Attacking one of them, it pierced right through
the part where we first take our nourishment;
and then it fell before him at full length…
The serpent stared at him, he at the serpent;
one through his wound, the other through his mouth
were smoking violently; their smoke met…
Let Ovid now be silent…
I do not envy him; he never did
transmute two natures, face to face, so that
both forms were ready to exchange their matter.
These were the ways they answered to each other:
the serpent split its tail into a fork;
the wounded sinner drew his steps together.
The legs and then the thighs along with them
so fastened to each other that the juncture
soon left no sign that was discernible.
Meanwhile the cleft tail took upon itself
the form the other gradually lost
its skin grew soft, the other’s skin grew hard…
And while the smoke veils each with a new color,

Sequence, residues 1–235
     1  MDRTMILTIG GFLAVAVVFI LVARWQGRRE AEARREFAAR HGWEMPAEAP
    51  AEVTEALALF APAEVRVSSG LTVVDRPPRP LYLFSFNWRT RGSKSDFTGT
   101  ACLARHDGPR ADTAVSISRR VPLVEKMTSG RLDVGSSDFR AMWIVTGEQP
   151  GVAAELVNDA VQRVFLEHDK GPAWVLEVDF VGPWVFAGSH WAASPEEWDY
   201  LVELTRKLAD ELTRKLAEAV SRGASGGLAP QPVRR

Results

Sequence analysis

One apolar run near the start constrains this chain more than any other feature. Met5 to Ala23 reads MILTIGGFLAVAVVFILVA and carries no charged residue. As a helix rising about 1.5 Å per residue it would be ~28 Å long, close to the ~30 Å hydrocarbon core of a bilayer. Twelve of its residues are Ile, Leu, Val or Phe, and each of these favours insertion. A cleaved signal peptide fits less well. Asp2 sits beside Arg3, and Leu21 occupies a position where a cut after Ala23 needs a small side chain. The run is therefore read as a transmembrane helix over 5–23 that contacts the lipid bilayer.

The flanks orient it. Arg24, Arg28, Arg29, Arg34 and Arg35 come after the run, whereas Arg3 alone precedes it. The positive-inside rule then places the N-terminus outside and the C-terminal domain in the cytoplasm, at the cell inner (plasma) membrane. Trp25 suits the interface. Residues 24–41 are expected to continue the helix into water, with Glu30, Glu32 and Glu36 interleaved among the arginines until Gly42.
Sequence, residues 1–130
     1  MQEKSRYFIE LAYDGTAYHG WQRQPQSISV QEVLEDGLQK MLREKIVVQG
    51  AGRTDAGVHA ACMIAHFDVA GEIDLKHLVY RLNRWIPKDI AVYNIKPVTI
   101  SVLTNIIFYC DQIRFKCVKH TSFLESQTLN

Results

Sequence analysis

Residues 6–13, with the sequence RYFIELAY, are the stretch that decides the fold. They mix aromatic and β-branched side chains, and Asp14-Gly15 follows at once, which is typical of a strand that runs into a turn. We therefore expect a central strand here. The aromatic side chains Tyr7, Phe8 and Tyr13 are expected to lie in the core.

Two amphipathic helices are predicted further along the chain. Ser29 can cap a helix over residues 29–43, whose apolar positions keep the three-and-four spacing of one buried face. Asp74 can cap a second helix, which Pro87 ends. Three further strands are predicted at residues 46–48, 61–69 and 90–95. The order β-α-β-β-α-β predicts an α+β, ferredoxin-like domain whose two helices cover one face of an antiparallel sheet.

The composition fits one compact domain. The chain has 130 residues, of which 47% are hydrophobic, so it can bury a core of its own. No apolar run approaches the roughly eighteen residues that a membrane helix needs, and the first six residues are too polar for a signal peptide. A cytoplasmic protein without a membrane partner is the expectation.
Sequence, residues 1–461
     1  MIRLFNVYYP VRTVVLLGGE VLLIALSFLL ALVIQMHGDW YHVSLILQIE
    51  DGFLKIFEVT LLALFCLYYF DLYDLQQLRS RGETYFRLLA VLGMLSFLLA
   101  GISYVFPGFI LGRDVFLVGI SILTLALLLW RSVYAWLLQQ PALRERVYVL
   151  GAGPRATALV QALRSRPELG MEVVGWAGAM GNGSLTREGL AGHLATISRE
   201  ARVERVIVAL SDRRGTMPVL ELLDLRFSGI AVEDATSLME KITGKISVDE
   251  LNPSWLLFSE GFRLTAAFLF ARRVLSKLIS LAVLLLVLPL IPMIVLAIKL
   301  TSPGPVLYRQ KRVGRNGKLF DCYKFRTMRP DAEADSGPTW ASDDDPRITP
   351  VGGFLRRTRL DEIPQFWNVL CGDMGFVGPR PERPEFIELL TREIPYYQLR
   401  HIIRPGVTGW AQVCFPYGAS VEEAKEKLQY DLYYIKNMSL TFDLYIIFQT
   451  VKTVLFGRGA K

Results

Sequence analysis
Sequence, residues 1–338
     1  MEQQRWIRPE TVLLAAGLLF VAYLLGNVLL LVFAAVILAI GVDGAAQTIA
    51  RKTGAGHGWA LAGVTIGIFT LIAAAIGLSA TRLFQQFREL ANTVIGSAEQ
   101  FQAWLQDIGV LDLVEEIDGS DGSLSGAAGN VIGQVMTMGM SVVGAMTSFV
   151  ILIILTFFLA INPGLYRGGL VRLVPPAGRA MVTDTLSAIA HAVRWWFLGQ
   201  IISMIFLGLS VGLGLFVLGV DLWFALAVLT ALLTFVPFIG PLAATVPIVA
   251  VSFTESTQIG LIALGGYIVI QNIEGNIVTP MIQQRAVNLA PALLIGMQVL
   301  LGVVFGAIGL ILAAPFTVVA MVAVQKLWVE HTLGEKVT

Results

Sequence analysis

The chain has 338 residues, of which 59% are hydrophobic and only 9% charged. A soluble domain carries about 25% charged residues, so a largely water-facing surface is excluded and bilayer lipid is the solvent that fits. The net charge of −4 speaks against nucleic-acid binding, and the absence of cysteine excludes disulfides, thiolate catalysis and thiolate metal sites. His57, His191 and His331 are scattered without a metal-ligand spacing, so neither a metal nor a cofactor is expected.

and now breeds hair upon the skin of one,
just as it strips the hair from off the other,
the one rose up, the other fell; and yet
they never turned aside their impious eyelamps,
beneath which each of them transformed his snout:…
his tongue, which had before been whole and fit
for speech, now cleaves; the other’s tongue, which had
been forked, now closes up; and the smoke stops.
The soul that had become an animal,
now hissing, hurried off along the valley;
the other one, behind him, speaks and spits. (Inf. XXV, 85-138)
Thieves fail to recognize the boundaries between their own property and that of others. To Dante, this indicates a basic flaw in their humanity; they lack the human reason to distinguish between what is theirs and what belongs to others. This blatant misuse of their intellects renders them more animal than human. Thus, in the Eighth Circle, they mutate into hideous pseudo-serpentine creatures. And because they did not honor the boundaries of property in life, they "exchange their matter" with each other, merging and morphing into the bodies of other thieves. In this way, they can hardly retain their own identities and have thus come to embody their sin.